Can Caffeine Hinder a Woman’s Ability to Get Pregnant?
Drinking Maxwell House may mean women won’t see any newbies in their house.
Research out of the University of Nevada suggests women who drink caffeinated beverages like coffee, tea and soda have a tough time getting pregnant.
This doesn’t bode well for my six bottles of Diet Coke a day habit.
Before you toss out your stash of Diet Coke and packets of Lipton, though, bear in mind the research was done on mice, not humans. The science behind the idea may be a little tricky, so we’ll boil it down like the water used to make a nice pot of chamomile. Researchers say, “Caffeine reduces muscle activity in the fallopian tubes that carry eggs from a woman’s ovaries to her womb.”
This new finding offers fresh insight into the correlation between caffeine and the ability to conceive. A study that appeared in Medical Science Monitor last year found no link, while a 2002 study in the journal Human Reproduction discovered women who enjoyed less than 50 milligrams of caffeine daily had a better chance of getting pregnant through in vitro fertilization than those who gulped down their fair share of caramel macchiatos at Starbucks.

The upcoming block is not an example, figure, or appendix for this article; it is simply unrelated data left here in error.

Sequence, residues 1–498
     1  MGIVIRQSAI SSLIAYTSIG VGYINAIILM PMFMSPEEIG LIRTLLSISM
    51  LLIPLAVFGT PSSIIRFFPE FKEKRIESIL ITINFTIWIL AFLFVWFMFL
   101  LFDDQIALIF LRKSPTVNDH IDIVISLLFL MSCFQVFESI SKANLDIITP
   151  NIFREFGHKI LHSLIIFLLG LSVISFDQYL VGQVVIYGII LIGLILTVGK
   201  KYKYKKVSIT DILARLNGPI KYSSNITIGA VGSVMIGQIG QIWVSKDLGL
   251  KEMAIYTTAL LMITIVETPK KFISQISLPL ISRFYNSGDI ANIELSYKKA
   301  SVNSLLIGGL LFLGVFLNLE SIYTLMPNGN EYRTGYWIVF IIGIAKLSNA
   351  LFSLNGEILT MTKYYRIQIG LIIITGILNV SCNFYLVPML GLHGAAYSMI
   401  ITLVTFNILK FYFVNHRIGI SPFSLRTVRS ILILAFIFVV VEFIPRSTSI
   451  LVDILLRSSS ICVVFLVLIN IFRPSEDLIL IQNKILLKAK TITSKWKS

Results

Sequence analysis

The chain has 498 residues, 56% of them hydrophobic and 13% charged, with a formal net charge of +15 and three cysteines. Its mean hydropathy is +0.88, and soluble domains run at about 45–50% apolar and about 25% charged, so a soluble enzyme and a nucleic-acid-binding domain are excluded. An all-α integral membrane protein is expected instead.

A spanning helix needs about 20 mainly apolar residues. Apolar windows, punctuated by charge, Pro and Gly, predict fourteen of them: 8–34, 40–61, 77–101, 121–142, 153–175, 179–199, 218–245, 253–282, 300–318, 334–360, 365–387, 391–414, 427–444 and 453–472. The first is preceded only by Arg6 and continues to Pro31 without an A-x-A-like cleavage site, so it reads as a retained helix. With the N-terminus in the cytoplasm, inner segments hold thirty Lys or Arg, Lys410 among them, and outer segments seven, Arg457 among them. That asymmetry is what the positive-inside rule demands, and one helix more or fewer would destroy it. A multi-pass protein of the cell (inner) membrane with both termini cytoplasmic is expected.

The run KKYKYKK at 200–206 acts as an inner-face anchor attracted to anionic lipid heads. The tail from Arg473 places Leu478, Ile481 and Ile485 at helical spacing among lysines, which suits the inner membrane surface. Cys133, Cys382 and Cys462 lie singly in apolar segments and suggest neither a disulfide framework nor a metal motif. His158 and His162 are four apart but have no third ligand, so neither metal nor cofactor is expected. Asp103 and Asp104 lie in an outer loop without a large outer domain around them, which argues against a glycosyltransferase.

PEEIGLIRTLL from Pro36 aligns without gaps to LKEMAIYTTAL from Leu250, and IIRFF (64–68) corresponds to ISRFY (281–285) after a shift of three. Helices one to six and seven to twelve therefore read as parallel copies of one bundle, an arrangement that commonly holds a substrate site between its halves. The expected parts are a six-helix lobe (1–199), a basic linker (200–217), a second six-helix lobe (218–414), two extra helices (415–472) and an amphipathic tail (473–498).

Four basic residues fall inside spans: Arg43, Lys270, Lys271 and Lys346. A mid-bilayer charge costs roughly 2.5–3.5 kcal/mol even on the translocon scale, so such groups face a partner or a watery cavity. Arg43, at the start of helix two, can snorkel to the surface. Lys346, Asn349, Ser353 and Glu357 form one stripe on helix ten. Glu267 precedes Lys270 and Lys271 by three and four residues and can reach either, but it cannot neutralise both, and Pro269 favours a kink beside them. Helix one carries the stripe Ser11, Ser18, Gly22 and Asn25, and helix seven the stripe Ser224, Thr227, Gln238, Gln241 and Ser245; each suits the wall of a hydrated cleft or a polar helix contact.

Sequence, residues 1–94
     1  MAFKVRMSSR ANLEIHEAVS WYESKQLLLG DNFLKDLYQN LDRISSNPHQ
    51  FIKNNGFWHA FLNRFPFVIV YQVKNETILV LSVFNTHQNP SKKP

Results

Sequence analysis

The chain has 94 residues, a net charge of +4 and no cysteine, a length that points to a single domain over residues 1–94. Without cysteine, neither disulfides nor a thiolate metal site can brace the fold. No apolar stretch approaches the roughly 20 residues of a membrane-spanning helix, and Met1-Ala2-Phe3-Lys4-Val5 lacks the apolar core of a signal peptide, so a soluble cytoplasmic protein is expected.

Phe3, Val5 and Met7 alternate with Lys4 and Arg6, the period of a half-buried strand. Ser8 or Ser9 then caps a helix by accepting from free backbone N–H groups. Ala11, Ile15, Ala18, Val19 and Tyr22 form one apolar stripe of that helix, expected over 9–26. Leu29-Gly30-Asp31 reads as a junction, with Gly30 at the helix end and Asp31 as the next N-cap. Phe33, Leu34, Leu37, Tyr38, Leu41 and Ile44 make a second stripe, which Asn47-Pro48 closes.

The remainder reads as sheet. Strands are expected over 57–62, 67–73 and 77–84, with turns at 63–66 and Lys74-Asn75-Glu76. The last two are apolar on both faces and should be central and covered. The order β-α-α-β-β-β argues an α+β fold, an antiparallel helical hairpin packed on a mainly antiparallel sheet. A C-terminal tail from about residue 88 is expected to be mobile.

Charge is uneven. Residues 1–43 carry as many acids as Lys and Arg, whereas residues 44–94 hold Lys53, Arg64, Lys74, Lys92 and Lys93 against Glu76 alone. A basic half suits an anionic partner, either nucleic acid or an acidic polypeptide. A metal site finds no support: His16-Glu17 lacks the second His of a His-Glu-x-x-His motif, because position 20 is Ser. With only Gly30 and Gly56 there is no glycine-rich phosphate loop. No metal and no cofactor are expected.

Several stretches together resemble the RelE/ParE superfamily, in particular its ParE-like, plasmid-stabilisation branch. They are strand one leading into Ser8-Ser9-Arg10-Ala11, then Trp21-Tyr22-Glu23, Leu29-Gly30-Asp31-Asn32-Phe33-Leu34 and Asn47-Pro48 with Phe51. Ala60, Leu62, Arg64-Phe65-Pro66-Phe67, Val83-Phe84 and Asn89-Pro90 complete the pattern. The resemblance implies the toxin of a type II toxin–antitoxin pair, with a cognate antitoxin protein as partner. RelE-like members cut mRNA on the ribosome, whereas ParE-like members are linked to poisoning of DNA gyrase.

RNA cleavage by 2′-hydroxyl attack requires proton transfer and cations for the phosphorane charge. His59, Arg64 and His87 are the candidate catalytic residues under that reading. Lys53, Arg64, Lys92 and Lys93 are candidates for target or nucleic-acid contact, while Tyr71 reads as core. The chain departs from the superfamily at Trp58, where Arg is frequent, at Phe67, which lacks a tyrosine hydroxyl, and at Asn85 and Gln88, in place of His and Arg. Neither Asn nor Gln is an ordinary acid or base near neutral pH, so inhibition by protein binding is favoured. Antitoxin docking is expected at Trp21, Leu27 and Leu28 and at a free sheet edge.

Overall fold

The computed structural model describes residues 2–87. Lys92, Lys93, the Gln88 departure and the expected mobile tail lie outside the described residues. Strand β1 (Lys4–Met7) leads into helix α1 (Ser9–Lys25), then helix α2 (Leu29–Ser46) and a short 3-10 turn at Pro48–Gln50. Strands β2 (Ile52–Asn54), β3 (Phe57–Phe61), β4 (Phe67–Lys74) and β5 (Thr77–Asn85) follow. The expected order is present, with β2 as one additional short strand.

While the jury is still out on whether caffeine can have a negative impact on a woman getting pregnant, research earlier this year revealed a more positive change ingesting it can have, namely a lower risk of stroke.
And there’s also the clothing manufacturer that claims lining its pants with caffeine will help people shed pounds.